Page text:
Update On OSHA’s ETS For Larger Employers – The Stay And What’s Next

Volume: 20 | Issue: 69
November 15, 2021

As you know, on November 5, 2021 the federal Occupational Safety and Health Administration (OSHA) published its Emergency Temporary Standard (ETS) requiring larger employers (with 100 or more employees) to adopt a vaccination program in accord with President Biden’s September direction. Numerous lawsuits were immediately filed to challenge the ETS, and one of those lawsuits resulted in a court temporarily staying the ETS.

So where are we now?

First, the stay has been extended. On Friday, November 12, the Fifth Circuit Court issued an order continuing its stay of the ETS until a final ruling can be made. The Court issued a decision explaining its view that the ETS is likely unconstitutional. It has ordered that OSHA “take no steps to implement or enforce the [ETS] until further court order.” In response, OSHA “has suspended activities related to the implementation and enforcement of the ETS pending future developments in the litigation.”

While the Fifth Circuit Court’s ruling is important, it is not the end of the story. Due to the number of lawsuits filed challenging OSHA’s ETS, federal law requires the cases to be submitted to a judicial panel on multidistrict litigation. This panel will then designate by random selection one court to take over all of the cases. Once this court is designated, it will consolidate the cases. This court can modify, revoke, or extend the stay issued by the Fifth Circuit Court of Appeals. It will also establish a briefing schedule, consider the arguments of the parties, and make its ruling. The ruling of this court will then likely be appealed to the U.S. Supreme Court. As such, we will not know the final outcome on the viability of the ETS for several weeks.

What do Nevada employers do now?

Because Nevada has its own State OSHA Plan, it has 30 days from the ETS’s publication to “either amend its standards to be identical or ‘at least as effective as’ the new standard, or show that an existing State Plan standard covering this area is ‘at least as effective’ as the new Federal standard.” It must communicate to OSHA what action it will take within 15 days. It is not clear whether the stay discussed above impacts Nevada OSHA’s deadlines.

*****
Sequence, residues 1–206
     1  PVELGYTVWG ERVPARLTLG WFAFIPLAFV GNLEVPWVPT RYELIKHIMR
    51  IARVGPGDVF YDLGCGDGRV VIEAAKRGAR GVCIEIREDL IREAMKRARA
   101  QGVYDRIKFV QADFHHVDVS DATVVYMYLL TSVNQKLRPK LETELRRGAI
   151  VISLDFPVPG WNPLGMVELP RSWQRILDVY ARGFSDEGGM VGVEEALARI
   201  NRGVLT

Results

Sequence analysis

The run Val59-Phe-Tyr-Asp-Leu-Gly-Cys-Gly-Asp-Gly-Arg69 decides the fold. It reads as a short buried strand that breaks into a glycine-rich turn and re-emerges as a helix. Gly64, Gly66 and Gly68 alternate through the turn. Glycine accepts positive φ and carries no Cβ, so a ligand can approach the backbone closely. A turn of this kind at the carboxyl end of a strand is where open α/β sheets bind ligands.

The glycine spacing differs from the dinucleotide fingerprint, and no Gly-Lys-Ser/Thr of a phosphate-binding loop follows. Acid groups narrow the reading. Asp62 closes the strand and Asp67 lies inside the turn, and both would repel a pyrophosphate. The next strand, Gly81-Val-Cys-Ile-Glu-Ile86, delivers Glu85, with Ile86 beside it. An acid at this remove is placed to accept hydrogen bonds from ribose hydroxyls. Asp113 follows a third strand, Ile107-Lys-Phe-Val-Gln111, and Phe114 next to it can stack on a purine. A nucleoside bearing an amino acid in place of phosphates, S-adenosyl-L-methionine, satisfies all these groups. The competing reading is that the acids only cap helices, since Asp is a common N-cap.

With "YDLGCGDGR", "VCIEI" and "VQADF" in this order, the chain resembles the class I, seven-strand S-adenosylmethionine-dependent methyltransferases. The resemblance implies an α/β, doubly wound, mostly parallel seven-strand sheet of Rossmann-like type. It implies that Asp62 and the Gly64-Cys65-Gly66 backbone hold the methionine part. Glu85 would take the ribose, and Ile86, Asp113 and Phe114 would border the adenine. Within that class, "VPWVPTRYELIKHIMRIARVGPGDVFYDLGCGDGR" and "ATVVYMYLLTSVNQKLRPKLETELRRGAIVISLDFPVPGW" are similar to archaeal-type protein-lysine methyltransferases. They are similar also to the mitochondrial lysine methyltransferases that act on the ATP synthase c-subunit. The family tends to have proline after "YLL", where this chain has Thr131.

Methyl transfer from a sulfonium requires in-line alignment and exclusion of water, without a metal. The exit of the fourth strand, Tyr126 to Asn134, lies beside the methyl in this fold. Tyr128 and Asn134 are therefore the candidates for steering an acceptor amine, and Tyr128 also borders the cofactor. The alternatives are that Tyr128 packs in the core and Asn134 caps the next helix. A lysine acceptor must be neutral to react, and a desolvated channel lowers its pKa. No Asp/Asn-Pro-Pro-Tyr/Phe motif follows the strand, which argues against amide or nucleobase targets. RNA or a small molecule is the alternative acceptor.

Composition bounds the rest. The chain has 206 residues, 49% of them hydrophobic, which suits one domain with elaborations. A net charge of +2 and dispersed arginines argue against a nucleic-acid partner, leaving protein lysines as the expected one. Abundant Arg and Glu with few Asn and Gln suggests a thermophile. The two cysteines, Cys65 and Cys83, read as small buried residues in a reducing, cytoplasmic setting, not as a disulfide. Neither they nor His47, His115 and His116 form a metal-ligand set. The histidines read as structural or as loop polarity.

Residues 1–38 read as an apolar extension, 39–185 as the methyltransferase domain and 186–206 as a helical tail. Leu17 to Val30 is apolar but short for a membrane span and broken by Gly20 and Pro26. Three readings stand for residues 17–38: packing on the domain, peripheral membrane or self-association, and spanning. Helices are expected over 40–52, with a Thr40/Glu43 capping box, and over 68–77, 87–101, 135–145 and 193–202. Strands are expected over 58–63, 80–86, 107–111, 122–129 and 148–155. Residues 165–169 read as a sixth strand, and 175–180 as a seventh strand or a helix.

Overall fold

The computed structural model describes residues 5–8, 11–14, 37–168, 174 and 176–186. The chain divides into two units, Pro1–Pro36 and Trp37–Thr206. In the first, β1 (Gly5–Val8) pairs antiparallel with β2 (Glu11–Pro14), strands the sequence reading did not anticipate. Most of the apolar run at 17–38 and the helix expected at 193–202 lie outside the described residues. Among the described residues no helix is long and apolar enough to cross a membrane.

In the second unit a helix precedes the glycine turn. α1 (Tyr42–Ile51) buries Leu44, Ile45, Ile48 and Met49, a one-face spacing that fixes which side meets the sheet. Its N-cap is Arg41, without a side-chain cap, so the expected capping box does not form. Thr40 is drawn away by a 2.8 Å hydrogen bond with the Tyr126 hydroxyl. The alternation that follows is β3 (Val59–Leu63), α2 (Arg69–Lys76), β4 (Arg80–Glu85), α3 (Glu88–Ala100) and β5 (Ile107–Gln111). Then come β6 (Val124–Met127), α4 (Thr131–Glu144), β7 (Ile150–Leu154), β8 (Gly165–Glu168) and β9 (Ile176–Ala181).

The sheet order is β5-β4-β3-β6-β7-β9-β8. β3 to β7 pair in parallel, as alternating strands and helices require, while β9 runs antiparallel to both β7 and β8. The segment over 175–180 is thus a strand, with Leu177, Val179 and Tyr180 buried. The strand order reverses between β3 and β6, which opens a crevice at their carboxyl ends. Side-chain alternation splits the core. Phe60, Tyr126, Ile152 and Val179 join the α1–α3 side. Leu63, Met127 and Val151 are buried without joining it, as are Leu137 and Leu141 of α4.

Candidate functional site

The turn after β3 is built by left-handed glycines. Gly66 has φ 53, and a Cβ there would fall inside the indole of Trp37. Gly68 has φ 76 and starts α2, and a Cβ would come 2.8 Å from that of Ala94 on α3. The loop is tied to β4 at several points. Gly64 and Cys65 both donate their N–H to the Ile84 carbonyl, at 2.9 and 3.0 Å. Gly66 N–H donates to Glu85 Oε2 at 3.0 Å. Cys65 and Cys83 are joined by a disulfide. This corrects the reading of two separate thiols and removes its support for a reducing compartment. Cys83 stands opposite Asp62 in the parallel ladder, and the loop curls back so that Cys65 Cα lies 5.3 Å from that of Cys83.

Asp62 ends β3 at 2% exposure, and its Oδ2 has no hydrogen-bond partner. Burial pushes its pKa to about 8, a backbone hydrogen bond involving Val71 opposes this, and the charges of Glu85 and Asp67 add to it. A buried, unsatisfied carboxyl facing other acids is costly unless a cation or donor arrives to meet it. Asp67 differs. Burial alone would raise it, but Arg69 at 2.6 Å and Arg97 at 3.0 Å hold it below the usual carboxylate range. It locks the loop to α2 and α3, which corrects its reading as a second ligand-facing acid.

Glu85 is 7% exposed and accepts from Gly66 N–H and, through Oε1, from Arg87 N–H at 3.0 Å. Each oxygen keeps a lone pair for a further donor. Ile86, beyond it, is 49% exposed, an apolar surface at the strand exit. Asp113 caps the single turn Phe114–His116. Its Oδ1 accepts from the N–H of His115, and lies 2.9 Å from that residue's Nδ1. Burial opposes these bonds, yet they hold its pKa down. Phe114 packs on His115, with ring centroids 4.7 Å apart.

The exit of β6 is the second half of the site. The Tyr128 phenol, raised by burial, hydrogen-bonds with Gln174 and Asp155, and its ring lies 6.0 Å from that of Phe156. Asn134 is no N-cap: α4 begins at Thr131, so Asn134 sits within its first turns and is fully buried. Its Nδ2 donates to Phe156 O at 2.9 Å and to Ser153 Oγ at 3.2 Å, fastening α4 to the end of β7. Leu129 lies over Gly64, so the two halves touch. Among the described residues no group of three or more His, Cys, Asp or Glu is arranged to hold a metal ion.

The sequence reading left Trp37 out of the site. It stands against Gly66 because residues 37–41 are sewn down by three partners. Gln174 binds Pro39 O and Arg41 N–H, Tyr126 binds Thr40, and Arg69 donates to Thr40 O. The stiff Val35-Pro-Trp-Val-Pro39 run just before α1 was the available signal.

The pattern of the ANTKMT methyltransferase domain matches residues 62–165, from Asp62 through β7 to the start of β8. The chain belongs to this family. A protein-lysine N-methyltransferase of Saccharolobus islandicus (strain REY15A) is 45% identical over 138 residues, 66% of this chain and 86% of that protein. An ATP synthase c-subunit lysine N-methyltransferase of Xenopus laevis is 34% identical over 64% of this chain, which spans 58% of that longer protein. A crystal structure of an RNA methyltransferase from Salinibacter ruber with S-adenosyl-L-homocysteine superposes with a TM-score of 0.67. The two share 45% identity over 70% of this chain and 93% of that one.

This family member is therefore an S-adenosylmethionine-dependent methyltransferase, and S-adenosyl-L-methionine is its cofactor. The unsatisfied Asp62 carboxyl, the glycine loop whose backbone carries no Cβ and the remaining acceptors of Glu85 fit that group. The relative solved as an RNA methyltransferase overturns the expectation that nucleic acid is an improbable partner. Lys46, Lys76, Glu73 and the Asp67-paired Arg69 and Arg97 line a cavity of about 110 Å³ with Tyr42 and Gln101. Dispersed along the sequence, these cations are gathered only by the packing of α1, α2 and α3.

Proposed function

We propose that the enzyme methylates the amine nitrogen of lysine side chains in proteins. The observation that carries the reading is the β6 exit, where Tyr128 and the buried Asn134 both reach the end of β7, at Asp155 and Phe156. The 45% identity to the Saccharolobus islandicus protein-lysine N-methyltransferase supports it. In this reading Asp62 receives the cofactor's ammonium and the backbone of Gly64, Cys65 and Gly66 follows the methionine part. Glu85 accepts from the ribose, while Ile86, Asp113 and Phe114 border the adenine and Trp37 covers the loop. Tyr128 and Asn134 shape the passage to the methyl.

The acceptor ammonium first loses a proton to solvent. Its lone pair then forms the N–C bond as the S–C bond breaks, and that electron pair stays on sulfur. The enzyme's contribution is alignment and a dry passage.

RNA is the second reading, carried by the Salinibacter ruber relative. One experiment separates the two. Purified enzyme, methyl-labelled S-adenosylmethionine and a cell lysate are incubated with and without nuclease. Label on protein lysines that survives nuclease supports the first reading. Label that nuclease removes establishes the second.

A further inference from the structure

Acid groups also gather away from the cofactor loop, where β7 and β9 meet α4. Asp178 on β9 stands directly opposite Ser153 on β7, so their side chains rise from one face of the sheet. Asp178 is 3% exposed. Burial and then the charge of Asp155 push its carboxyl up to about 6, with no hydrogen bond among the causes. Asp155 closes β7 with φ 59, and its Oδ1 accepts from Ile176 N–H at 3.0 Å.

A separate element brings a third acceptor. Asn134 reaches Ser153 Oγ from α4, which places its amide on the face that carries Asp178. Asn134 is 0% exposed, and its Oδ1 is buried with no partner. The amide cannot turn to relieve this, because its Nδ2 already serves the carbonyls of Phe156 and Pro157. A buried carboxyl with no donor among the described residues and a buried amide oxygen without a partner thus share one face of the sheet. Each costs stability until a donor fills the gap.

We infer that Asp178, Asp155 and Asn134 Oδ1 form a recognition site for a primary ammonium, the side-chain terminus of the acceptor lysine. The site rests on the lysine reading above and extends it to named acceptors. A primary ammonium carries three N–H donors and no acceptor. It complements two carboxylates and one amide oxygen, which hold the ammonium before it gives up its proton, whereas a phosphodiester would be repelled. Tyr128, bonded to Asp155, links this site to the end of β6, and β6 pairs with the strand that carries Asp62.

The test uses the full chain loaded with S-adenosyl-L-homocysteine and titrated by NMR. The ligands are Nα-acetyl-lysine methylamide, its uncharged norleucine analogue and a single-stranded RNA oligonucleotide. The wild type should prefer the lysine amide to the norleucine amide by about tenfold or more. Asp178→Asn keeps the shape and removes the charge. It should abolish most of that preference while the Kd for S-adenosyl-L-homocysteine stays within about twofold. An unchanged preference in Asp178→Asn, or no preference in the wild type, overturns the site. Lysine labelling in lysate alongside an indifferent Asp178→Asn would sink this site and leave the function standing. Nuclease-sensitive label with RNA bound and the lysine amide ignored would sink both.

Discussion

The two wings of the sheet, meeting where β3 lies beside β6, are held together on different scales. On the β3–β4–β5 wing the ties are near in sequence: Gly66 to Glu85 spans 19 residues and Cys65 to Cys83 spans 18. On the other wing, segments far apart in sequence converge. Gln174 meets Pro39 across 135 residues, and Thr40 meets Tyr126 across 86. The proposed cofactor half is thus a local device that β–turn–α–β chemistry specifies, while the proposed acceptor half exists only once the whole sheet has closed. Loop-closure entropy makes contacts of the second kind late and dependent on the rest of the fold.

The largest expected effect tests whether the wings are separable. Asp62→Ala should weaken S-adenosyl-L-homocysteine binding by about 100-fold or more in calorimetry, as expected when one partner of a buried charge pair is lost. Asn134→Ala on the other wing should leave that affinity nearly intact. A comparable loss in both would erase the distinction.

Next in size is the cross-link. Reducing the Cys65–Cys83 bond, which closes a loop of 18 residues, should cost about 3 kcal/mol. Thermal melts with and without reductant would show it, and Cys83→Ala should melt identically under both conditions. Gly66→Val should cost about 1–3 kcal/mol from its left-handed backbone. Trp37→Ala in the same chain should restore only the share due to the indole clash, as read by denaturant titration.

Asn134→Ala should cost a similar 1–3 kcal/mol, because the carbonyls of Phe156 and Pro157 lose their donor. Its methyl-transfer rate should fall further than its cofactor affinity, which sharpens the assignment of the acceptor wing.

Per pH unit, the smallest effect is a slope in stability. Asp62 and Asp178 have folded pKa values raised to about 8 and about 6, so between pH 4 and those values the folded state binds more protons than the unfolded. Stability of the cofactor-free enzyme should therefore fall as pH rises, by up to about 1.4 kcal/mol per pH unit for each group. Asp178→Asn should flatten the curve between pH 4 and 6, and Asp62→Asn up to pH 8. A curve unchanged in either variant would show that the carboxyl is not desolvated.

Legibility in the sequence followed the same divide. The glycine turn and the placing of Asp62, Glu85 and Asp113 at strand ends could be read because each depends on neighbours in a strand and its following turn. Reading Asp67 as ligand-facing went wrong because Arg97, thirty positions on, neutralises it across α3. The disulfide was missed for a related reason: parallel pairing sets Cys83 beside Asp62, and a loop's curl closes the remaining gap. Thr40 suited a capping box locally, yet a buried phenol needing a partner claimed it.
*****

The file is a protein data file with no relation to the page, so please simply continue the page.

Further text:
It is clear, however, that Nevada employers currently have no obligation to comply with OSHA’s ETS. Thus, Nevada employers have a choice – wait and see what happens or assume the ETS is just on pause and continue getting ready to comply with it. KZA attorneys are available to help you analyze the pros and cons of each decision and move forward with whatever you decide.

Finally, please remember that Nevada’s paid leave statute now requires employers with 50 or more employees to provide an additional amount of paid leave to employees to receive a COVID-19 vaccine (unless the vaccine is given on the employer’s premises during the employee’s regular work hours).

As always, we will continue to keep you posted on updates in this area. 

KZA Employer Report articles are for general information only; they are not intended and should not be construed to be legal advice. Reading or replying to such articles does not establish an attorney-client relationship. In addition, because the subject matters and applicable laws discussed in Employer Report articles are often in a state of change and not always applicable to every type of business entity or organization, readers should consult with counsel before making decisions based on the same.

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